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Structural and Functional Mimicry of Disulfide-Rich Peptides

Cabalteja, Chino (2020) Structural and Functional Mimicry of Disulfide-Rich Peptides. Doctoral Dissertation, University of Pittsburgh. (Unpublished)

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Disulfide-rich peptides have promising applications as bioactive agents, but their utility is attenuated by synthetic challenges and various pharmacological drawbacks including low proteolytic stability. Some of these limitations may be addressed by foldamers – sequence specific oligomers with a propensity to fold into discrete conformations. One established approach to the design of foldamer mimics of peptides with complex folds involves incorporation of unnatural building blocks at strategic sites within the natural sequence. Applied judiciously, these modifications can result in peptide variants with a heterogeneous backbone which can adopt complex native-like folds. These proteomimetics can also display augmented pharmacological properties including improved proteolytic resistance. This study demonstrates the application of this heterogeneous backbone substitution strategy to disulfide-rich peptides in the context of structural mimicry of a computationally designed miniprotein and explores the consequences of peptide backbone modification on the function of a bioactive peptide toxin. Lastly, this work delves into the experimental characterization of a series of model tripeptides for validation of a newly developed force field that can simulate artificial protein-like backbones.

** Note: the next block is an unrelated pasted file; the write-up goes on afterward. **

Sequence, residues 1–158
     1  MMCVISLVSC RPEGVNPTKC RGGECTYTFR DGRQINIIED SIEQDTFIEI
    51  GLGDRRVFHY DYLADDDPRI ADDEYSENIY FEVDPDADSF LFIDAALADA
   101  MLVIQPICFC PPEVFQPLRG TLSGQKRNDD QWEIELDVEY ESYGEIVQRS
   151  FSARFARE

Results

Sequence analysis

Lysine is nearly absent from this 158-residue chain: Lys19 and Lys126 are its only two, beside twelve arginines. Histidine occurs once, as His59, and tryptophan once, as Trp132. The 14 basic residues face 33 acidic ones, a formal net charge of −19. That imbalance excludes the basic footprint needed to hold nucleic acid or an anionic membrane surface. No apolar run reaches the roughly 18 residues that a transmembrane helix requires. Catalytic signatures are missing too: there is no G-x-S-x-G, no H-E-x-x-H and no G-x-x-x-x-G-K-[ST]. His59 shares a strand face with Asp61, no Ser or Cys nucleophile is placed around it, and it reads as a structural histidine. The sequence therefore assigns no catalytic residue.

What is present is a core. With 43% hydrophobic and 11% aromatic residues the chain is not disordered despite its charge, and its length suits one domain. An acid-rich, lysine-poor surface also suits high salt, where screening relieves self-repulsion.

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Item Type: University of Pittsburgh ETD
Status: Unpublished
CreatorsEmailPitt UsernameORCID
Cabalteja, Chinoccc49@pitt.educcc49
ETD Committee:
TitleMemberEmail AddressPitt UsernameORCID
Committee ChairHorne, W. Sethhorne@pitt.eduhorne
Committee MemberIshima, Riekoishima@pitt.eduishima
Committee MemberIslam, Kabirulkai27@pitt.edukai27
Committee MemberRobinson, Renã
Date: 16 September 2020
Defense Date: 10 September 2020
Approval Date: 20 January 2021
Submission Date: 17 September 2020
Access Restriction: 1 year -- Restrict access to University of Pittsburgh for a period of 1 year.
Number of Pages: 147
Institution: University of Pittsburgh
Schools and Programs: Dietrich School of Arts and Sciences > Molecular Biophysics and Structural Biology
Degree: PhD - Doctor of Philosophy
Thesis Type: Doctoral Dissertation
Refereed: Yes
Uncontrolled Keywords: peptide synthesis,peptide mimics,non-canonical amino acids
Date Deposited: 20 Jan 2021 18:19
Last Modified: 20 Jan 2022 06:15


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